A simple statistical method for examining the relationship between two variables (e.g., number of interactions, I and rate of evolution, E), while partially controlling for a third, potentially related variable (e.g., gene expression, A), is to divide the dataset into quantiles according to the controlled variable. This reduces the variance of the controlled variable relative to the other variables within each quantile, resulting in partial statistical control. This approach is complementary to partial correlation in that it the two methods can be combined, and division of the dataset into bins allows one to investigate the consistency or variation of relationships across quantiles. To emphasize that current data do not indicate that the relationship between evolutionary rate and number of interactions in mass spectrometry data is entirely mediated by expression levels, we present here a simple binning and partial correlation analysis of mass spectrometry , expression, and evolutionary rate data. It bears restating here that correlations among separate datasets indicate that interaction data are far less accurate than expression data; therefore, noise and other limitations of data should be expected to reduce the estimated strength of the relationship between number of interactions and evolutionary rate more than they reduce the strength of the relationship between expression levels and evolutionary rate.
As Bloom and Adami  noted, the proteins that are chosen to be tagged and overexpressed in mass spectrometry studies are subject to an ascertainment bias. For this reason, we used only the untagged data. We used the expression data of Wang et al. , which was produced from more replicates than other available expression datasets and, unlike the data used by Bloom and Adami , was not accidentally measured in an aneuploid strain of yeast . For evolutionary rate data we used dN/dS values calculated from four species of the Saccharomyces genus, with a correction for the effect of codon bias on dS (Hirsh AE, Fraser HB, and Wall DP, submitted). We used Spearman's rank correlation for all analyses.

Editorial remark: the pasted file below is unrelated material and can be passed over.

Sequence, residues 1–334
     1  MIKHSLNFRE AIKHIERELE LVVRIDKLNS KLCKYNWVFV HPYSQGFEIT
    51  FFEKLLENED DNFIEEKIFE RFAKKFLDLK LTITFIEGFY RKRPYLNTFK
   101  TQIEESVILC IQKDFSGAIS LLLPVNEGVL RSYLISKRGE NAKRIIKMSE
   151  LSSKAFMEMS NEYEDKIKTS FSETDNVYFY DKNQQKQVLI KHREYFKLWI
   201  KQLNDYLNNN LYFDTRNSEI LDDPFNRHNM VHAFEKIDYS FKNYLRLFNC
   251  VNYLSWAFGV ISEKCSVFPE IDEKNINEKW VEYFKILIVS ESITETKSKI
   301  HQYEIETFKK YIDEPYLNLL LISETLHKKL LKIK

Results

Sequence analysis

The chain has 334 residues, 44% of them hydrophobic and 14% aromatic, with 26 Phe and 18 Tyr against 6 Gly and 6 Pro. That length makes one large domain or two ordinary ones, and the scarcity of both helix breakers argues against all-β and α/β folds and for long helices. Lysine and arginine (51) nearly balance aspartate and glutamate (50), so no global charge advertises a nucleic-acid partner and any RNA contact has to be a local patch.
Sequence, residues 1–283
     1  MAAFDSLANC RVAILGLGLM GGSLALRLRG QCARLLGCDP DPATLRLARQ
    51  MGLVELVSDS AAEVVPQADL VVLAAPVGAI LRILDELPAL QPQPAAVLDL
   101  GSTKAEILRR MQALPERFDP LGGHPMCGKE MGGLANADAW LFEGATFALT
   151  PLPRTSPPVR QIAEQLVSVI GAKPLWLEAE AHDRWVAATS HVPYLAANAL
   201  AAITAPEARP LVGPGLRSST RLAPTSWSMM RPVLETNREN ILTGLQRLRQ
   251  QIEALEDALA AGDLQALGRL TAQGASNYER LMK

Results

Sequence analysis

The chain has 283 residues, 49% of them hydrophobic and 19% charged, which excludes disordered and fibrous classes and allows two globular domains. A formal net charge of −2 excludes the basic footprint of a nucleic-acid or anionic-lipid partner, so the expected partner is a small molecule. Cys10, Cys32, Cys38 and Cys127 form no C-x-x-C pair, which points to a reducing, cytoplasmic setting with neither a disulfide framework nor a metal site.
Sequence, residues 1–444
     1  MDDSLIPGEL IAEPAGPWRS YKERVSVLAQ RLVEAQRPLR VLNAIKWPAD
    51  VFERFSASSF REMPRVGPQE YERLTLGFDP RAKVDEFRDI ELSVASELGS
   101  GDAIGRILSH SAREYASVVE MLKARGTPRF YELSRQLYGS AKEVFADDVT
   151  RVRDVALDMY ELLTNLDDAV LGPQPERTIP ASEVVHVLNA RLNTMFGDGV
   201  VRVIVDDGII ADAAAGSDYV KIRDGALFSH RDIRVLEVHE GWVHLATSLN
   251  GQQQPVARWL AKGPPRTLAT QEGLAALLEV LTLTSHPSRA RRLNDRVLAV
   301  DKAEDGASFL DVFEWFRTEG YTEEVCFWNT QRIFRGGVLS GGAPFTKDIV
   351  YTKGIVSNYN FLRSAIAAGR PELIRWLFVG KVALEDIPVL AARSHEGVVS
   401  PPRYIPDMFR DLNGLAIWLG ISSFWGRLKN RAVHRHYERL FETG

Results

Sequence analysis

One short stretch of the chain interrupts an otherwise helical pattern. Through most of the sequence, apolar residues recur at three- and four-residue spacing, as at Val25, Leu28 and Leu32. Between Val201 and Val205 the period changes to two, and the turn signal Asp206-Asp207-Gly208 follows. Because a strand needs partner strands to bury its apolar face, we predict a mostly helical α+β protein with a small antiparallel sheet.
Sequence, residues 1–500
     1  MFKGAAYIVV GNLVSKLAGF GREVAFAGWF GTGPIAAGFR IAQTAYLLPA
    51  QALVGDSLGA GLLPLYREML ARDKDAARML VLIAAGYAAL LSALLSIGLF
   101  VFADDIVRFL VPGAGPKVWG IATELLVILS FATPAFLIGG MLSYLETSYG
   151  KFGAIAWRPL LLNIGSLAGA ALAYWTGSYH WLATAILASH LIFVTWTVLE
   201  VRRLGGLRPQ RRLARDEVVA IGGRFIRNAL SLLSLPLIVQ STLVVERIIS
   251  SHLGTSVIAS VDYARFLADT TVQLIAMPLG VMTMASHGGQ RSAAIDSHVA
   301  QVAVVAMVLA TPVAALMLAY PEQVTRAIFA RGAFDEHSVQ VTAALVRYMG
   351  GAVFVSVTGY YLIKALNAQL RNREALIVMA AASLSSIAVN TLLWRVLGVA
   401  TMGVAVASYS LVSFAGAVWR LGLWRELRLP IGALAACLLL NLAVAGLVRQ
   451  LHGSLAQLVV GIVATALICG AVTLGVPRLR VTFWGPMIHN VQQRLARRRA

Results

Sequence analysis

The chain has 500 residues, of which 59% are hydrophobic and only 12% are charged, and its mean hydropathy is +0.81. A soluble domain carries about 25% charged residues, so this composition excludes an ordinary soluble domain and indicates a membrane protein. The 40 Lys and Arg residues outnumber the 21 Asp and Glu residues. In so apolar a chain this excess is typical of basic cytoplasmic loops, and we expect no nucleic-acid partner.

Quantile analysis of mass spectrometry protein interaction data. Genes were separated into 1–5 bins based on their expression levels . Each column is an analysis of the data set with a different number of bins. Each row is the rank of each bin's average expression level, where low rank indicates low expression. The upper number in each cell is the Spearman rank correlation coefficient between number of interactions and evolutionary rate (r EI). The lower number in each cell is the partial correlation coefficient between number of interactions and evolutionary rate, controlling for expression level (r EI.A); the three cases in which this number has a greater absolute value than r EI are underlined.